to be more than a hobby. When Lyn [Bolen Warren] opened Les Yeux du Monde, I brought in my jewelry.
“The art was going up and the jewelry just fit. So for eight years I’ve had my own little space for my jewelry and
it has been wonderful.”
In addition to Les Yeux du Monde, Sherman’s jewelry is sold in art galleries in Nantucket, Mass., and
Portsmouth, N.H., and soon will be available in Charleston, S.C.
She can’t pin down exactly what it was that prompted her to start making jewelry, but she said she was lucky to
have inherited a vivid imagination and a creative eye for design.
“I actually started with hardware — nuts, bolts, springs, all sorts of things like that,” Sherman said. “I started with
that idea because it sounded like fun, and I wanted to do something different.
“I call it ‘softhardware’ and I combine actual hardware with gems and pearls in unusual ways. The first piece of
jewelry I made is still one of my most favorite. It’s a very simple bracelet with stainless steel hex nuts and
peacock freshwater pearls on a sterling silver chain.
“The hex nuts sparkle and glisten, because they’re naturally faceted and the pearls, of course, have a nice
luster. It’s easy to wear and it feels good.”
Sherman is the author of the how-to books “Making Designer Jewelry with Hardware, Gems and Beads” and
“Making Designer Freshwater Pearls Jewelry.” Some of her recent softhardware work uses items such as gears
and faces from old watches and small squares cut from computer motherboards to create interesting visual
Sherman’s Nicole Noelle line offers jewelry in more contemporary styles and incorporates gold, cultured pearls
and gemstones. These pieces can fetch $3,500, but she offers a wide assortment of other one-of-a-kind pieces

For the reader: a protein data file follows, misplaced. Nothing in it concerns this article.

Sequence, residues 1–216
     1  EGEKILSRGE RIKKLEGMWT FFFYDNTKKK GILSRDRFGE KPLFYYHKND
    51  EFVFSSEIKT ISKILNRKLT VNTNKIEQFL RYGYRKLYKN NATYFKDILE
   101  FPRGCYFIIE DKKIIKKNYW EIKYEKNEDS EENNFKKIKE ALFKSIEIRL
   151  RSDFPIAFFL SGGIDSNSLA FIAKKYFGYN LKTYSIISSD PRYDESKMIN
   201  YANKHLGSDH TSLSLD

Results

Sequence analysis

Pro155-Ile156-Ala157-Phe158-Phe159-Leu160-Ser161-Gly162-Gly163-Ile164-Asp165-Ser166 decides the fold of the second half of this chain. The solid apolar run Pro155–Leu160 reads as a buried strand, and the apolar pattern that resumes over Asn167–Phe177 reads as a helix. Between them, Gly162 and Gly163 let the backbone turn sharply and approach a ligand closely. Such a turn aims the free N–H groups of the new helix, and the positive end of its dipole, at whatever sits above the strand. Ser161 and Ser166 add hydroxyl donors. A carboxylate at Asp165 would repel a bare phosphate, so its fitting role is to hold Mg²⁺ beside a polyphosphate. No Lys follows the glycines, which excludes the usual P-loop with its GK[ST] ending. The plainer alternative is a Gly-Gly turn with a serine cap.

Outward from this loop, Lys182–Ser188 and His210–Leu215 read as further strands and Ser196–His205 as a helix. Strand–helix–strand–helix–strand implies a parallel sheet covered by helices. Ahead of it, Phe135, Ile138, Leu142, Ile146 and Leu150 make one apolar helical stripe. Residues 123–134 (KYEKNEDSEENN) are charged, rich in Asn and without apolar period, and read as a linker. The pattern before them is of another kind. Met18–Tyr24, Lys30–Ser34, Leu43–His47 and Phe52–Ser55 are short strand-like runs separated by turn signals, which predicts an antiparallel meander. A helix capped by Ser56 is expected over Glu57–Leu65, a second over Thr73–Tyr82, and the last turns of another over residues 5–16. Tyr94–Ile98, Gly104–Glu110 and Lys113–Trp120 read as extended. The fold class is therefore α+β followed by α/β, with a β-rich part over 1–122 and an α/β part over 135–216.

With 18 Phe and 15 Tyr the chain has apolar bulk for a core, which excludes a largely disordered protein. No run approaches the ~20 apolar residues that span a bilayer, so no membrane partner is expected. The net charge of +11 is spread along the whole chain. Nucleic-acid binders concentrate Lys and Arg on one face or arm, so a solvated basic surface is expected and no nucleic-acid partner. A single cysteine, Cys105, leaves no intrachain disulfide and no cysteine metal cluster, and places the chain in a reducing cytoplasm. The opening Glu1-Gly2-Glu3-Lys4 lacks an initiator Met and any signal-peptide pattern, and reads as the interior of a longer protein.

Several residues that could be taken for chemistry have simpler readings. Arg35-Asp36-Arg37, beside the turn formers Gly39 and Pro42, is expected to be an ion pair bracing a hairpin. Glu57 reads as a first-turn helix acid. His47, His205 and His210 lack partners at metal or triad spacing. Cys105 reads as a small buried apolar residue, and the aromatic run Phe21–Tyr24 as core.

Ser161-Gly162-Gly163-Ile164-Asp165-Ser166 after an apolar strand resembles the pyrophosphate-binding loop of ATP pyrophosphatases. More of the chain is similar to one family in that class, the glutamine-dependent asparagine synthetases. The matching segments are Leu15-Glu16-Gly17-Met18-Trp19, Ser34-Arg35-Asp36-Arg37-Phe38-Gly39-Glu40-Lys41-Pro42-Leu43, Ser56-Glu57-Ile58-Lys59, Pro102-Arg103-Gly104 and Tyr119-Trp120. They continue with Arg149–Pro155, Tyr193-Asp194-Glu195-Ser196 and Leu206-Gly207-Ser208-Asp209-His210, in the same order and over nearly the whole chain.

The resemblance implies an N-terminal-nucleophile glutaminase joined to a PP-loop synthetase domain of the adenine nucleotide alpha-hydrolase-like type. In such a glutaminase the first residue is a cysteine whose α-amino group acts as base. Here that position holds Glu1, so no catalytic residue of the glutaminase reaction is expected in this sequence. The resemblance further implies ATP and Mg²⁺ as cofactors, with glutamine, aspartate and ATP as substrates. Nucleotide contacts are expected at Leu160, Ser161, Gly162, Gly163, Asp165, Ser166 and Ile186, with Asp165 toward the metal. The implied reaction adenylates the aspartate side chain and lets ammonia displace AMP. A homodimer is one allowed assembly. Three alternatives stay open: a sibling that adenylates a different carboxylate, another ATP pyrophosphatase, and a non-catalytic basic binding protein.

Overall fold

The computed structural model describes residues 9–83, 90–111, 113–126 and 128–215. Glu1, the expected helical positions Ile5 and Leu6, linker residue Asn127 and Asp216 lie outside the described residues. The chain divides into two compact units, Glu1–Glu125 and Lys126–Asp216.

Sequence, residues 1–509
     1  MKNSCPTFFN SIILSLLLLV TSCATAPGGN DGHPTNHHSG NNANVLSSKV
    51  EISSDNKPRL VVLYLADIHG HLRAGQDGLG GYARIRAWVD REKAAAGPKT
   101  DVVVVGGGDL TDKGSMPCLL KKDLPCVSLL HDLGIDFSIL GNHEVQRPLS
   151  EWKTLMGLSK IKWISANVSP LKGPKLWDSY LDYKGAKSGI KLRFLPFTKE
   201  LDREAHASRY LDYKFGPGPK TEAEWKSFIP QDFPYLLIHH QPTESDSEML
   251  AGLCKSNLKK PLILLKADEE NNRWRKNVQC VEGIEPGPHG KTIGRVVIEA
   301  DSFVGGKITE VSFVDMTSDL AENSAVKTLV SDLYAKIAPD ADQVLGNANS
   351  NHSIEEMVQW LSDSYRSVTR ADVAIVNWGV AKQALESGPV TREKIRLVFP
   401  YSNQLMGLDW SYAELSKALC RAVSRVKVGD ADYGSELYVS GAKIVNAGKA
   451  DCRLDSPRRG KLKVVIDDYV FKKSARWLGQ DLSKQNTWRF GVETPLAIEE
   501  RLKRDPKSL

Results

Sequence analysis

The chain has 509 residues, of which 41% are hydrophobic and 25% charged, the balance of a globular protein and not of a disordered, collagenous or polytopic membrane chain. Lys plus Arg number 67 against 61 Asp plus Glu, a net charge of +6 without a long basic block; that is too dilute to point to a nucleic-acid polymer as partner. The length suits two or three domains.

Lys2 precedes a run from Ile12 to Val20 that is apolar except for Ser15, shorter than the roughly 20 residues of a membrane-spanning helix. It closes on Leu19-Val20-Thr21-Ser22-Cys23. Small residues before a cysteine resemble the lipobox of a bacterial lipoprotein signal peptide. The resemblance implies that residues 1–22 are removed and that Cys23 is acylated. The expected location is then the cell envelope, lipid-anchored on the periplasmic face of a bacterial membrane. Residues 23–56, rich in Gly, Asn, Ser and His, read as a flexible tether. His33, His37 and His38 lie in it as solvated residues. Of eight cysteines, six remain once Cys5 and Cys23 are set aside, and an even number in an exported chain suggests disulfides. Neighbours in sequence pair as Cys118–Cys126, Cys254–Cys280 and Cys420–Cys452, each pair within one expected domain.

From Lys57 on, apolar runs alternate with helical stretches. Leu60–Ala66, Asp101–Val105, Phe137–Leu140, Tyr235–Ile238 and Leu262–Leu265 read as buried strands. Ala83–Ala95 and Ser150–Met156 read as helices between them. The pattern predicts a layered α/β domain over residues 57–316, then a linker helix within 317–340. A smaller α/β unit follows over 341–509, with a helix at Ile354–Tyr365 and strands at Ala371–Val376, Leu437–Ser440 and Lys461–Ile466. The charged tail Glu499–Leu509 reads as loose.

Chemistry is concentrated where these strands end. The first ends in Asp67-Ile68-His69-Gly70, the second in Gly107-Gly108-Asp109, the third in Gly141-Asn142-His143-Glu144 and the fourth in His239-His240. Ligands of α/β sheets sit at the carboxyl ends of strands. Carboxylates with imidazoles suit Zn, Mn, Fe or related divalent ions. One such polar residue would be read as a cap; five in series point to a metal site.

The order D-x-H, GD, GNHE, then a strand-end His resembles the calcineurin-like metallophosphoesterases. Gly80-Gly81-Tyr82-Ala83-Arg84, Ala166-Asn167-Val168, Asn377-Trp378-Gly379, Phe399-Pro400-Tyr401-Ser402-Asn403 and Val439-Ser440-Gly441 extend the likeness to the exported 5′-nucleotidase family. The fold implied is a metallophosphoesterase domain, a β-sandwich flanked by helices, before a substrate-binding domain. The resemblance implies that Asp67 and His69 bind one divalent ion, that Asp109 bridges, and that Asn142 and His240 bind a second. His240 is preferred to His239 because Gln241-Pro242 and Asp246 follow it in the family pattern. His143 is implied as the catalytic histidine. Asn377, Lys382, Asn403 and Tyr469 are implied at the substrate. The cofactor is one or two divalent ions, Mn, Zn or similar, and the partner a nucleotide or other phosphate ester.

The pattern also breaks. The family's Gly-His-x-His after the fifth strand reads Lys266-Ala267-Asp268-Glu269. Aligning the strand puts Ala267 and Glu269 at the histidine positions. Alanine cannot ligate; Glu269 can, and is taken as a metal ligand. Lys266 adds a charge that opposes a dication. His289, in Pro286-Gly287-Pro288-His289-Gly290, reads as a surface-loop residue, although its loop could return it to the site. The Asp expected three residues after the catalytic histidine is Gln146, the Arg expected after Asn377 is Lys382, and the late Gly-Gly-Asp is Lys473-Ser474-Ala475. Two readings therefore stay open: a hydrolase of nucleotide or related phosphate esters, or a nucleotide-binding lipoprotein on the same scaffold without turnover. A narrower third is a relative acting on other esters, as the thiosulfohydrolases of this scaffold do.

in lower price ranges.
Earrings are priced from $45 to $145. Bracelets start around $125, and necklaces at $150. Sherman also does
commission work and has made jewelry for brides and entire wedding parties.
The designer’s signature pieces are jangle bracelets fashioned from items such as abalone, polished agates,
crystals and kynite discs. Whether the sparkle was found in Rome or Harlan B. Foster’s Hardware Store in New
England, nearly everything Sherman makes is unique.
“Making one-of-a-kind jewelry is much more interesting for me, because I don’t want to create the same thing
over and over,” Sherman said. “And I think a good piece of jewelry should be unique and special to whomever
is buying or wearing it.
“I think more and more people want something that’s handcrafted, unusual and they won’t find again. When I do
these trunk shows some people are tentative and don’t want to touch a piece or pick it up.
“But I’m like, ‘Please, put it on,’ because I try to make beautiful things that feel good to wear and feel good on
the skin. I love seeing the reactions when people do put something on, and it makes them feel good and even
The opening reception for Nicole Noelle Trunk Show at Les Yeux du Monde will be from 5 to 8 p.m. today. The
20 percent discount only applies today.
Show hours are 11 a.m. to 2 p.m. Saturday.
500 W. Main St.